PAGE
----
Mental Health Awareness Week and nature

Children building a bug hotel © Katharine Davies 

This week is Mental Health Awareness Week (10th-16th May), and at Dorset Wildlife Trust we are delighted that the theme for 2021, is nature. After a particularly hard year, we are probably all aware that spending time in nature is ‘good’ for us and has a positive impact on our physical and mental health – but exactly how has this been measured? Sally Welbourn explores what’s in it for us – and for wildlife where we live.

The Natural Health Service  

Nature is so beneficial for us that medical professionals are actually prescribing a dose of it to help treat certain conditions such as high blood pressure and diabetes through activities such as regular walking or carrying out gardening activities. Statistics show that regular contact with nature could reduce your risk of heart attacks and diabetes by 50%. For our mental health wellbeing, an NHS scheme called ‘Green social prescribing’ has been launched, aiming to encourage the general public to volunteer in the local community, spending time with nature and people to stop social issues such as loneliness, inactivity and poor mental health in their tracks, reducing the need or medication and further treatment.

In Dorset, a scheme called ‘Nature Buddies’ is being launched to help support people living with anxiety or low confidence.

A Nature Buddy will be a volunteer whose role is to support individuals at a very personalised level to help gradually increase their confidence and ability to enjoy engaging with nature again. A nature buddy will find what suits to the person best and will support them on their journey to living happier and healthier.

Find out more about Nature Buddies 

Nature and children

They are the next generation, so what could be more important than looking after our children’s mental and physical health, but also promoting an appreciation and love for nature from a young age? The list of benefits for children is long, and include things like: increased confidence, promoting imagination and creativity, keeping weight down, and reducing stress – all of which are massively beneficial for managing a wide range of conditions children can suffer from such as ADHD or childhood obesity.  Nature is championed particularly for stress and fatigue in children, where according to the Attention Restoration Theory, urban environments require what’s called directed attention, which forces us to ignore distractions and exhausts our brains. In natural environments, we practice an effortless type of attention known as soft fascination that creates feelings of pleasure, not fatigue. Something we could all benefit from!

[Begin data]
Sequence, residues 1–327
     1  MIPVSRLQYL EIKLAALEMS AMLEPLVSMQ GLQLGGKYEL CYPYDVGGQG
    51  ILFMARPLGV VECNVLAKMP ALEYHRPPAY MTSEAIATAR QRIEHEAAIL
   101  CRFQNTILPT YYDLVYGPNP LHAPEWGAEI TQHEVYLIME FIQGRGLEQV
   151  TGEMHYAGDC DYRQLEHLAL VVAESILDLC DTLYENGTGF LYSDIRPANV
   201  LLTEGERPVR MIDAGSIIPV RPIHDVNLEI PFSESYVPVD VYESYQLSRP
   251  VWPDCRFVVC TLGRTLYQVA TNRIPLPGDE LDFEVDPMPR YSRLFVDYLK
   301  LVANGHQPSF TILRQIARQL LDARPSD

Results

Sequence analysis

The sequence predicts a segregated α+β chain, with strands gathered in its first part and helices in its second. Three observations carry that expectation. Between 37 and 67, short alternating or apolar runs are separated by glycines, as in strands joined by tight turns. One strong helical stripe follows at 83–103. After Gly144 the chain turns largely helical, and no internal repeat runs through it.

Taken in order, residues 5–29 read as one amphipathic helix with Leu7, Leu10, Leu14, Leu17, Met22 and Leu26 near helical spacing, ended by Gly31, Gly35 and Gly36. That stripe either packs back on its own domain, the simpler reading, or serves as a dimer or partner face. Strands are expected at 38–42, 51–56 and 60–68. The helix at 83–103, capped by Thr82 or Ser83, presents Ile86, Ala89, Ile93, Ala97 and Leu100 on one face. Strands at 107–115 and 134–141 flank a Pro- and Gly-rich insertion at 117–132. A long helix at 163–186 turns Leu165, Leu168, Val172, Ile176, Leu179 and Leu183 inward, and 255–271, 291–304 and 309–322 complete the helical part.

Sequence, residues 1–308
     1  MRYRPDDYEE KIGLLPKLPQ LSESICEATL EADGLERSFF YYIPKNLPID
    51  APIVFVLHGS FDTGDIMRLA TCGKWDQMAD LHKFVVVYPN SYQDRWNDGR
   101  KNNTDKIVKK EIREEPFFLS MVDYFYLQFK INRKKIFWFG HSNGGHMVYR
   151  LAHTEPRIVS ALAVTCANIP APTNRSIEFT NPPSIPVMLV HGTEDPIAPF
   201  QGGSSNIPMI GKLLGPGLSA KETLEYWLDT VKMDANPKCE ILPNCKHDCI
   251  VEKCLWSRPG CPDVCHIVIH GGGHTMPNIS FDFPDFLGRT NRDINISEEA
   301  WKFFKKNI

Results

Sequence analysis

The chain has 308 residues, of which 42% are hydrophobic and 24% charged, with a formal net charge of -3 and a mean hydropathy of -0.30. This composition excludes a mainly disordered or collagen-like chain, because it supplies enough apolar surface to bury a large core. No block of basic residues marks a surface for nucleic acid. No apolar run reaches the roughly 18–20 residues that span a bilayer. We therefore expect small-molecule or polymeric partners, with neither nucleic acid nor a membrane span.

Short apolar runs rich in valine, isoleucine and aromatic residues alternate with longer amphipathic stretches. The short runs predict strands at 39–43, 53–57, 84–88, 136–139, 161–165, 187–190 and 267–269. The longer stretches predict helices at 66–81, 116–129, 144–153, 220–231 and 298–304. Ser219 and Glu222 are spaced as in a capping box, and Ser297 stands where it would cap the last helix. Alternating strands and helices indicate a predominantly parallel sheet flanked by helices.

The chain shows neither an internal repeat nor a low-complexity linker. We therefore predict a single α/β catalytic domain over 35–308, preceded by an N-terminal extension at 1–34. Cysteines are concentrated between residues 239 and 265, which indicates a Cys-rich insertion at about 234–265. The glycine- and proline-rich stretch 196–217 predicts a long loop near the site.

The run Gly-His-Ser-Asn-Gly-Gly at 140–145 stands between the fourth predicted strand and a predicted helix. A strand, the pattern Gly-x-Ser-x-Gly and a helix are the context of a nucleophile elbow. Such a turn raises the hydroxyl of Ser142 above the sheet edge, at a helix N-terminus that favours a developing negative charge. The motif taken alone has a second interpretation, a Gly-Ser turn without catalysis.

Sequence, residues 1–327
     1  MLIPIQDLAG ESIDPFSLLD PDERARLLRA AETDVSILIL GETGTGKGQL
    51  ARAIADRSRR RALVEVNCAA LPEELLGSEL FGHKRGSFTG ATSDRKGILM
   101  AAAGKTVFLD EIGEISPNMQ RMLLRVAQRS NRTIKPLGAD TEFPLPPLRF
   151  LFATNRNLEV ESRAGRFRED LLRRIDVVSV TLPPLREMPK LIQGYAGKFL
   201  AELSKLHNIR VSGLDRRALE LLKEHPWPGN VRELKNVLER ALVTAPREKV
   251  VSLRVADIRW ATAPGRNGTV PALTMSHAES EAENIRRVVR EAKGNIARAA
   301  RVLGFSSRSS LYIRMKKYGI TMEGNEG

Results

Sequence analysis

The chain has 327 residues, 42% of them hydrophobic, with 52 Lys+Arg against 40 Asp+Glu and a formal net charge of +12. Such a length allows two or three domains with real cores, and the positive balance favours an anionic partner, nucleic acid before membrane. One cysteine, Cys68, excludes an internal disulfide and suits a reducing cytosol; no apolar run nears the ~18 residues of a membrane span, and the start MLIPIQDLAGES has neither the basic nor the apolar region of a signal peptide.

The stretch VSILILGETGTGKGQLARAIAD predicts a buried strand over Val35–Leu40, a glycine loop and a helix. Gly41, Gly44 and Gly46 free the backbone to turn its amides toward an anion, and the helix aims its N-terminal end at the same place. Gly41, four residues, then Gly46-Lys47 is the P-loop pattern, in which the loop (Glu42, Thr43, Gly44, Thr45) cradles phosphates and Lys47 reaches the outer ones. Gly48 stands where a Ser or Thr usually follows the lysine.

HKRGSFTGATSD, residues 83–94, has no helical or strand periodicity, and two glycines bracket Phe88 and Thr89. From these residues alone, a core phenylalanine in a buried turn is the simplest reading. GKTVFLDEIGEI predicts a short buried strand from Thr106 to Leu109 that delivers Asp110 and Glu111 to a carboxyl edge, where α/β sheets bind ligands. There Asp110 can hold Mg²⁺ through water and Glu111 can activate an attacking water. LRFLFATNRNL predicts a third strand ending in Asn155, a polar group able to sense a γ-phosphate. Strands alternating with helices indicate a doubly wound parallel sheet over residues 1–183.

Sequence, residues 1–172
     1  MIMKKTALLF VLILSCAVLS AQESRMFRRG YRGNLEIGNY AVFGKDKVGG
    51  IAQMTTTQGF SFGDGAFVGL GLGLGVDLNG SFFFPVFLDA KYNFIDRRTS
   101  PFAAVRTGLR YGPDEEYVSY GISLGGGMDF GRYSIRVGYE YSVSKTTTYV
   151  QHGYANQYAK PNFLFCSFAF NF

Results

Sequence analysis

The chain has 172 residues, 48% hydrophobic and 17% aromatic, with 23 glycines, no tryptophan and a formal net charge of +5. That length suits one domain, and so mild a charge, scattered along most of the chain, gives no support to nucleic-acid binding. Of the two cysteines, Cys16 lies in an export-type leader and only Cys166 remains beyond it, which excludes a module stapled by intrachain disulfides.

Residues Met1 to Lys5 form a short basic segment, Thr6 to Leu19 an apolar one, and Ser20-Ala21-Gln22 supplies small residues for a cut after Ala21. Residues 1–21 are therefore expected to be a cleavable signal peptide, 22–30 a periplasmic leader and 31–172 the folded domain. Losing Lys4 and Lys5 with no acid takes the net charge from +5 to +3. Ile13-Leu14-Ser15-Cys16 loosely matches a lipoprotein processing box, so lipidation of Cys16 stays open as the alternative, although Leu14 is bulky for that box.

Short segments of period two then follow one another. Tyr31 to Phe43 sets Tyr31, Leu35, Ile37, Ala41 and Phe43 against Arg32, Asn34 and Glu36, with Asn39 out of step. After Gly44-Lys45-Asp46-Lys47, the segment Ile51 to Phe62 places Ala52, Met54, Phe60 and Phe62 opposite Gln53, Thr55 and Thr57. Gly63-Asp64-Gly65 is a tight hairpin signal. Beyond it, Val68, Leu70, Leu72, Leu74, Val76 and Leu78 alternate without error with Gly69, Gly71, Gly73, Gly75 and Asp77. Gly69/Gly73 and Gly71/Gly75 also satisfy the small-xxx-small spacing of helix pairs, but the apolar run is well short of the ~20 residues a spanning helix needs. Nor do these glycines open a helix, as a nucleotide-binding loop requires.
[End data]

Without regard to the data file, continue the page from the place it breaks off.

Soak up the sun (and get a house plant!)

In this country, some of us are deficient in vitamin D or will struggle to get our ‘quota’ to regulate calcium and phosphate in our bodies. But this is nothing that can’t be solved by… you guessed it, spending time outside, or even just opening the curtains and letting sunlight in. You’ll get a boost of serotonin and vitamin D and feel better for it! You can still benefit mentally from having plants in the house or at work – the natural patterns in leaves and branches activate the parahippocampus, which is involved in regulating emotion.  Plants in your living space have been proved to help stress and boost concentration and give you some lovely clean air to breathe!

Volunteering and joining like-minded people

This is where wildlife where we live will enjoy the benefits of our new founded or continued appreciation for nature.  Dorset Wildlife Trust has over 3,000 registered volunteers, who get involved with anything from wildlife gardening at the Kingcombe Centre (link), to getting knees deep on nature reserves with conservation work, attending a beach clean, or even helping us out in our offices and greeting visitors at one of our four visitor centres across Dorset. All of these activities tick the boxes for improving our physical and mental health and social connections.  We couldn’t continue our work in Dorset without the support of our volunteers and members, so we and Dorset’s wildlife are very grateful to those who support us and we love to see first-hand, the rewards our supporters reap from carrying out such important work.

Become a member of Dorset Wildlife Trust today

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Do something for wildlife

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Hedgehog ©Tom Marshall

Wildlife-friendly gardening

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